Pressure to ban Bali-Australia flights had been mounting in recent weeks due to the discovery of Foot and Mouth Disease in cattle on the island. An official proposal to ban flights had been submitted to the Australian government, but the decision has been made to keep flight routes open and increase bio-security measures.
This is welcome news for the tourism sector which has only just begun the long road to recovery after successive lockdowns. Although it was the government’s decision to reject the proposal, tourism businesses on both sides of the Timor Sea were vocal in their disapproval of the proposed ban.
Speaking to Indonesia’s travel news site TravekDetik, Queensland Tourism Industry Council Managing Director, Brett Fraser said that the tourism industry is reliant on trust and reassurance for its customers. He said that speculation of a travel ban is scary for potential travelers. He explained ’travelers love to travel when they feel safe with the certainty of being able to return to their country again’.
Speculation of a travel ban came from Senator Susan McDonald who urged the Australian government to stop all flights from Bali. She said ‘If we don’t stop those flights, at least implement a seven-day quarantine…I don’t want to sit idle for a few weeks or months and later regret that I wasted the opportunity’.
Senator McDonald warned that travelers don’t need to have visited a farm to risk carrying Foot and Mouth Disease into Australia. In her statement, she said ‘the tourists who go to Bali…must be aware that there [could be] a pig or cow farm right next to the resort where they stay…The wheels of these tourists’ luggage can be exposed to dirt on the streets, the footwear they are wearing, and their clothes. Or they have even touched one of the animals nearby’.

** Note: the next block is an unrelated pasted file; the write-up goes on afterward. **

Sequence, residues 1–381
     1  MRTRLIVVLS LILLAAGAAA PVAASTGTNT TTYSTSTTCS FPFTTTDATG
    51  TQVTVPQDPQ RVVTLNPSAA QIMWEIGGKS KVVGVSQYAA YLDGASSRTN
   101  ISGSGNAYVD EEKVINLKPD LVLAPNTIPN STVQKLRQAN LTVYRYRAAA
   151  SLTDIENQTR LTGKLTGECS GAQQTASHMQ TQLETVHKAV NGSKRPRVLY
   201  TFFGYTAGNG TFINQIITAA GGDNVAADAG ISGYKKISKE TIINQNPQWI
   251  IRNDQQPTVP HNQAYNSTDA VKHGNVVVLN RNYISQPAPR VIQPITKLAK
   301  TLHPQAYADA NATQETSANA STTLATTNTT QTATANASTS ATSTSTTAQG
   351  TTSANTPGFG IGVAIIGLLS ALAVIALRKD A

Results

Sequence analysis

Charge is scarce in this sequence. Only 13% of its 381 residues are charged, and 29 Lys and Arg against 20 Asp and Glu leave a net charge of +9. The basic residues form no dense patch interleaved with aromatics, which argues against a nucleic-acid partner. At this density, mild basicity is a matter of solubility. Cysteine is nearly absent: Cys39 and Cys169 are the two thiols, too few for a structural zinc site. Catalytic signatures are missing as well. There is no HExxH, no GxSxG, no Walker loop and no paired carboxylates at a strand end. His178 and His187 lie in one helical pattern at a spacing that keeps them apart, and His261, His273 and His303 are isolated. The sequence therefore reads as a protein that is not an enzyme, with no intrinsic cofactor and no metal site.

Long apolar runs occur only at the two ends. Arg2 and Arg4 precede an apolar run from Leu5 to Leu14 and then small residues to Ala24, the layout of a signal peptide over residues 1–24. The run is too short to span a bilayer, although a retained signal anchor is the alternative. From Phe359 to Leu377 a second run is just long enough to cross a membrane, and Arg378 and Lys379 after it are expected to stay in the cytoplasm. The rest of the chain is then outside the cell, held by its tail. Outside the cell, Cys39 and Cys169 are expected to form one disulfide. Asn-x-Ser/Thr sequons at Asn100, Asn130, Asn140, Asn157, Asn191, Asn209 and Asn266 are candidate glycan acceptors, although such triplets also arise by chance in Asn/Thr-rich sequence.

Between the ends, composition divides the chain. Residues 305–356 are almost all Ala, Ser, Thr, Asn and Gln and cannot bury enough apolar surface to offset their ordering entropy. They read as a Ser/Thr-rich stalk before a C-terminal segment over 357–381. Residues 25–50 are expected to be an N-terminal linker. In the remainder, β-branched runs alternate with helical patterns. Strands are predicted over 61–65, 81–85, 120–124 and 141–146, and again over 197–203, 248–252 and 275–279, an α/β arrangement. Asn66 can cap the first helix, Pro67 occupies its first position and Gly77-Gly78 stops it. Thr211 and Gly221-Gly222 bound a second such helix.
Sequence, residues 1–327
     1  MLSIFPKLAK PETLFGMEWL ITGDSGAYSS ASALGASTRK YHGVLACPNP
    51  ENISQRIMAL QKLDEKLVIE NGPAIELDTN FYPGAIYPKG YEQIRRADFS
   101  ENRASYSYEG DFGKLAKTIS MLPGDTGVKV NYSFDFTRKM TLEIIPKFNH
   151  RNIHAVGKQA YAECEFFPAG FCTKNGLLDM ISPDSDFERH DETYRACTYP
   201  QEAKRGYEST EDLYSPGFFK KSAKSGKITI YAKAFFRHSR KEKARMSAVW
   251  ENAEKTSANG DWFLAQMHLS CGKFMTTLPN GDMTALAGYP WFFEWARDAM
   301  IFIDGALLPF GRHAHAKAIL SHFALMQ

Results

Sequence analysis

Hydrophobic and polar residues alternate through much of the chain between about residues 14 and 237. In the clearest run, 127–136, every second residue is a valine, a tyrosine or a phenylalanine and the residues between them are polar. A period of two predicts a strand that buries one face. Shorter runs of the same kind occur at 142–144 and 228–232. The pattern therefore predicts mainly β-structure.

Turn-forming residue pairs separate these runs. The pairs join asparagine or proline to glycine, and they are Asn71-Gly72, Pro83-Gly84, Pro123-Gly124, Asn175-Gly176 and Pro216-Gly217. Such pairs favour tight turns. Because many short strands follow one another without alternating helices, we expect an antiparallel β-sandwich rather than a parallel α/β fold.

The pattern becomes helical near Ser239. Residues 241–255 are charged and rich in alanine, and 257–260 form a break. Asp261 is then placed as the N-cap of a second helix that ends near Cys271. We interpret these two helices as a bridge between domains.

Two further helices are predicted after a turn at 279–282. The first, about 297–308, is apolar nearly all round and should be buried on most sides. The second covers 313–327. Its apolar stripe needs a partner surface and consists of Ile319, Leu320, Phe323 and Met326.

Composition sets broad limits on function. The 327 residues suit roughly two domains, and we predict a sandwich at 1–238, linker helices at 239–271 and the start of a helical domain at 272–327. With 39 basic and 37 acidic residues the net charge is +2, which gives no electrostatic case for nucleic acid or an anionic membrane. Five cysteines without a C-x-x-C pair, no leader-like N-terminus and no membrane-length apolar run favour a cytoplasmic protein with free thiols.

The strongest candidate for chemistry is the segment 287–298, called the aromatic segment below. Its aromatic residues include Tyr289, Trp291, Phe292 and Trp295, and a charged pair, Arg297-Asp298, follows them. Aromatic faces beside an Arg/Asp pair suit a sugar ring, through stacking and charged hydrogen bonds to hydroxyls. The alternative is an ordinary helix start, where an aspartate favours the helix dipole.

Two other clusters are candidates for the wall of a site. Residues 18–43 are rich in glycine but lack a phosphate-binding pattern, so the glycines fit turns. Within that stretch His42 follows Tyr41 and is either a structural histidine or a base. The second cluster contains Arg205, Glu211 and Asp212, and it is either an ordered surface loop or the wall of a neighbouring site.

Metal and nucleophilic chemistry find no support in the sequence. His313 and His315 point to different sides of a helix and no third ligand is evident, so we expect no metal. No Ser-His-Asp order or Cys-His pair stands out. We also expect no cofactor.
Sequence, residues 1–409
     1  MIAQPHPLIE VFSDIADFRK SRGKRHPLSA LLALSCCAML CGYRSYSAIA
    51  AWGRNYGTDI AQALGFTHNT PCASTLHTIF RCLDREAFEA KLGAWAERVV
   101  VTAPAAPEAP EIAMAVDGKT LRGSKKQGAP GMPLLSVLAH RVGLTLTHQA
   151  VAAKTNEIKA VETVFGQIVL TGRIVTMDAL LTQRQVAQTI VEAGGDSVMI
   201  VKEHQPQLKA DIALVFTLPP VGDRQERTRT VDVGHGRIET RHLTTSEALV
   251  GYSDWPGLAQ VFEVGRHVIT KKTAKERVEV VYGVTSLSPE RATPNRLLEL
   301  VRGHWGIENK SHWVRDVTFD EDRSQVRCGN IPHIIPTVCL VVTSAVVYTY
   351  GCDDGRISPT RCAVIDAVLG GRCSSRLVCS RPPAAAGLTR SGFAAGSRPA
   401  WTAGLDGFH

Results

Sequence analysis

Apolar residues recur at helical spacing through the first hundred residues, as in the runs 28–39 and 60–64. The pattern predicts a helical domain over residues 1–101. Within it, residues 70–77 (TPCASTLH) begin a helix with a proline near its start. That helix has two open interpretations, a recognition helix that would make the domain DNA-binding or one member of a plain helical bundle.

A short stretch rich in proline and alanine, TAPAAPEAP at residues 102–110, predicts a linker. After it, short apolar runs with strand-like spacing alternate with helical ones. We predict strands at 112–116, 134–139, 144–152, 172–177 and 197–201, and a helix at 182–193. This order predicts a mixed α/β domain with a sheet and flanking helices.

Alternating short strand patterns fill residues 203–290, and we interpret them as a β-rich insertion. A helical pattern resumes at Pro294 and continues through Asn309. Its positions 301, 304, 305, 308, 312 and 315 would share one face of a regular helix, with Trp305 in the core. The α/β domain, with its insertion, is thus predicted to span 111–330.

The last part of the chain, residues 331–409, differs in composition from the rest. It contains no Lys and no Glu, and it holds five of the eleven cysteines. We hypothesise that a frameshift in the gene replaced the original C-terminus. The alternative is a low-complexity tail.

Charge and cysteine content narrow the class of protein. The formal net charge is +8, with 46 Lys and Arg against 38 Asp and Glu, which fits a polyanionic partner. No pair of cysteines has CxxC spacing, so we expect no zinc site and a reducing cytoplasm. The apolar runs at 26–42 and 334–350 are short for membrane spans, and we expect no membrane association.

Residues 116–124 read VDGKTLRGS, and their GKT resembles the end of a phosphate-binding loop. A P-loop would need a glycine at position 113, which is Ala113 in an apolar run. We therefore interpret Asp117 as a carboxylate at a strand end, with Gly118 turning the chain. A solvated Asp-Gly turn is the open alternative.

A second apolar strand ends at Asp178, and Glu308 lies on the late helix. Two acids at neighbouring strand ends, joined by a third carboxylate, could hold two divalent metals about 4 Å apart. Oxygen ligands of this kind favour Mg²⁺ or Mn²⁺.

The Australian government is finding a balance between caution and biosecurity and allowing freedom to travel. The impacts of a travel ban just months after borders have fully re-opened after Covid-19 lockdowns would create devastating economic losses all around.
Thousands of people have been waiting to return to the Island of the Gods for a beach holiday for over two years. New biosecurity measures have been introduced across Australian airports. This included the introduction of biosecurity detection dogs at Cairns and Darwin airports.
All airports receiving passengers from Indonesia, especially Bali, have introduced a more rigorous risk profiling of passengers. If passengers are flagged by the profiling measures they will be required to undergo more thorough checks by customs officials.
Travelers returning to Bali have been encouraged to leave their shoes behind, especially flip-flops since they are so hard to fully sanitize. Foot and Mouth Disease does not affect humans, but humans can create what is referred to as a bio-bridge for the virus to spread. The virus affects animals with loved feet like cows, sheep, goats, and deer. The virus survives on living tissue and secretions which is why mud and dirt on shoes are such a cause for concern.
The Australian government has announced an emergency funding package of AUD 14 million to help prevent the virus from reaching Australian pastures. The sizeable funding package may seem expensive but pales in comparison with the projected losses of AUD 80 billion should the virus be detected on Australian soils.
The emergency fund is being spent on implementing the new biosecurity measures and some is being sent to Indonesia, Timor Leste, and Papua New Guinea to help veterinarian teams on the ground get the situation under control.
Bali’s tourism sector is heavily reliant on Australian travelers and has only recently been able to welcome back visitors en masse. Veterinarian teams, farmers, and agricultural departments in Indonesia and Australia are working together to ensure that the virus is bought under control as soon as possible as both nation’s tourism and agricultural sectors are at stake.
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